The United Kingdom's Department for Energy and Climate Change ("DECC") has published a draft "Carbon Plan," setting out the UK government's plan of action on climate change for the next five years. The plan is open for consultation with a view to publishing a final version in autumn 2011, after which it will be updated annually.

The Carbon Plan represents ongoing and planned cross-government action with specific deadlines providing for both internal accountability and public transparency. Setting out a vision for moving to a low-carbon economy, the Plan focuses on jobs and economic opportunities and on policies that aim to help insulate the UK from future energy price shocks.

The Plan takes account of the UK's first three five-year "carbon budgets" (covering the period from 2008 to 2022), which have already been set pursuant to the UK's Climate Change Act 2008. DECC has announced that "in recognition that the fourth carbon budget (2023-2027) will be set in law in June 2011, we will publish an updated 'live' Carbon Plan in October which takes the four carbon budgets into account."

The Carbon Plan consolidates various strands of energy and climate change policy into a road map that will be updated as policies arise. The intention is for a quarterly update on progress against actions, with the Plan being published on the Prime Minister's "Number 10" web site.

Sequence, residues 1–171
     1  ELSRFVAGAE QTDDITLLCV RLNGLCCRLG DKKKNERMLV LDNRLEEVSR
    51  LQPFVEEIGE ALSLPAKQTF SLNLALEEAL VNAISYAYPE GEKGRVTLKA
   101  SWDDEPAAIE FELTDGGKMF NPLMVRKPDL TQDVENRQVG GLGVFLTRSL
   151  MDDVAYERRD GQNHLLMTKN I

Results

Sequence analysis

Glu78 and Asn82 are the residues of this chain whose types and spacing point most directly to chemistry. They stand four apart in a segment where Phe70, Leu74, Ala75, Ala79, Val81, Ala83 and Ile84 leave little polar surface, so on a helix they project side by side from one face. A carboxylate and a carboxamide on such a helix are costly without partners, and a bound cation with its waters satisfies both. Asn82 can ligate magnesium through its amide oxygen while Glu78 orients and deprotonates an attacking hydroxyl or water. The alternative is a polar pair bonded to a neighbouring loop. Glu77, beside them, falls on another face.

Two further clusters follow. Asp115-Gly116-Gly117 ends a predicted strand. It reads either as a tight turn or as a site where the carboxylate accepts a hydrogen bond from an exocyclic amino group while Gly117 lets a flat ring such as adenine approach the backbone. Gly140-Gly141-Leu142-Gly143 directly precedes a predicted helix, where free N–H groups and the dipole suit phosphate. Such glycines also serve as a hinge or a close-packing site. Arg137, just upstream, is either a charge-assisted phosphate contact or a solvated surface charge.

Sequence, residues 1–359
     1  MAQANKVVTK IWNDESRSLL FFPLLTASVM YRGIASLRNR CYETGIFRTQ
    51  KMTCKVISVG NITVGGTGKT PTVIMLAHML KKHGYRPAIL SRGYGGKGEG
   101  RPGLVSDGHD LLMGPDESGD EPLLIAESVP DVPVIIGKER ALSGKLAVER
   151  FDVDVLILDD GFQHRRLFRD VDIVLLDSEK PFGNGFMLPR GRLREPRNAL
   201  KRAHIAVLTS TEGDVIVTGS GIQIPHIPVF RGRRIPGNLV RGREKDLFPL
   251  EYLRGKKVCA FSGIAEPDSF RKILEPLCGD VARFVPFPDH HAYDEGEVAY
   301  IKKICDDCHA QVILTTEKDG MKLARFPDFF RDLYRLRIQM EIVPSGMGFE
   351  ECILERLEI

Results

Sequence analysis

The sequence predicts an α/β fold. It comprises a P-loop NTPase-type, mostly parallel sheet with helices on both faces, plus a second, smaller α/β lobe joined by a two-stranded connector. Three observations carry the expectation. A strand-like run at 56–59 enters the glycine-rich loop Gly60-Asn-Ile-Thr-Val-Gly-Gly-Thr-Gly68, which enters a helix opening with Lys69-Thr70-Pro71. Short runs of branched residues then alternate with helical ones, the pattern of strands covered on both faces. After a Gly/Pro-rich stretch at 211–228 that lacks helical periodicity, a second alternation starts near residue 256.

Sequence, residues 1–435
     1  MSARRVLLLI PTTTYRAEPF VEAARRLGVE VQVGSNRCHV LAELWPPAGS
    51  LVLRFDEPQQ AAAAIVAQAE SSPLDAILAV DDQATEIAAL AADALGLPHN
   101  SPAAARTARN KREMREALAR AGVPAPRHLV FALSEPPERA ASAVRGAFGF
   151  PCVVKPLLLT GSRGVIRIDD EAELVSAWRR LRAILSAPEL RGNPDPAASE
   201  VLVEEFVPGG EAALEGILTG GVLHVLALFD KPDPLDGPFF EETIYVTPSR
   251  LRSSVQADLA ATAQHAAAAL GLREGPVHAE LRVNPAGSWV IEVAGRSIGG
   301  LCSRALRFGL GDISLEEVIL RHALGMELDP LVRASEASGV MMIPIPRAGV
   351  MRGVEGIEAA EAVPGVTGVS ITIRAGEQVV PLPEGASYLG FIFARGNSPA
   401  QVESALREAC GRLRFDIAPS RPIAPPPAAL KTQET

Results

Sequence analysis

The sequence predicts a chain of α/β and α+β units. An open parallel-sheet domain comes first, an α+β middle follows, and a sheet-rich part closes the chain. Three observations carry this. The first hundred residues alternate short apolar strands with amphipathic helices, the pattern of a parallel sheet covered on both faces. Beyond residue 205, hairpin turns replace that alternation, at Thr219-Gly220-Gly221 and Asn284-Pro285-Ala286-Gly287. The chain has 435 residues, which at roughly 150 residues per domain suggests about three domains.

The Carbon Plan highlights three key changes that would be required across the UK economy:

  1. A dramatic shift away from fossil fuels and toward low carbon alternatives in the way that electricity is generated, including renewable, nuclear, and fossil fuel power stations fitted with carbon capture and storage;
  2. A step change in the way homes and businesses are heated and how they are insulated, away from gas boilers to low carbon alternatives such as heat pumps; and
  3. A step change in the way people travel, with more people using public transportation and finding substitutes for some journeys. The greatest change would be to road transport, reducing emissions from petrol and diesel engines and moving toward alternative technologies such as electric vehicles.

A range of actions and deadlines that government departments will need to meet are set, including:

  • Legislation to create a floor price in carbon brought forward, as appropriate, by April 2011;
  • The award of a contract by DECC for the first UK carbon capture and storage demonstration by the end of 2011, together with the identification of further demonstration projects by May 2012;
  • A new green investment bank made operational by the Department of Business by September 2012;
  • Development by the Department for Transport, by June 2011, of a nationwide strategy to promote the installation of electric vehicle infrastructure;
  • A 10 percent reduction in the central government's annual greenhouse gas emissions by May 2011; and
  • The launching by the Department for Environment Food and Rural Affairs of a project to develop and trial methods of delivering integrated advice on farming, including advice on reducing greenhouse gas emissions.

Commentators have already suggested that the draft Carbon Plan includes little detail on specific policy mechanisms and almost a total absence of quantitative data. Responses to the draft Plan should be sent to by July 31, 2011.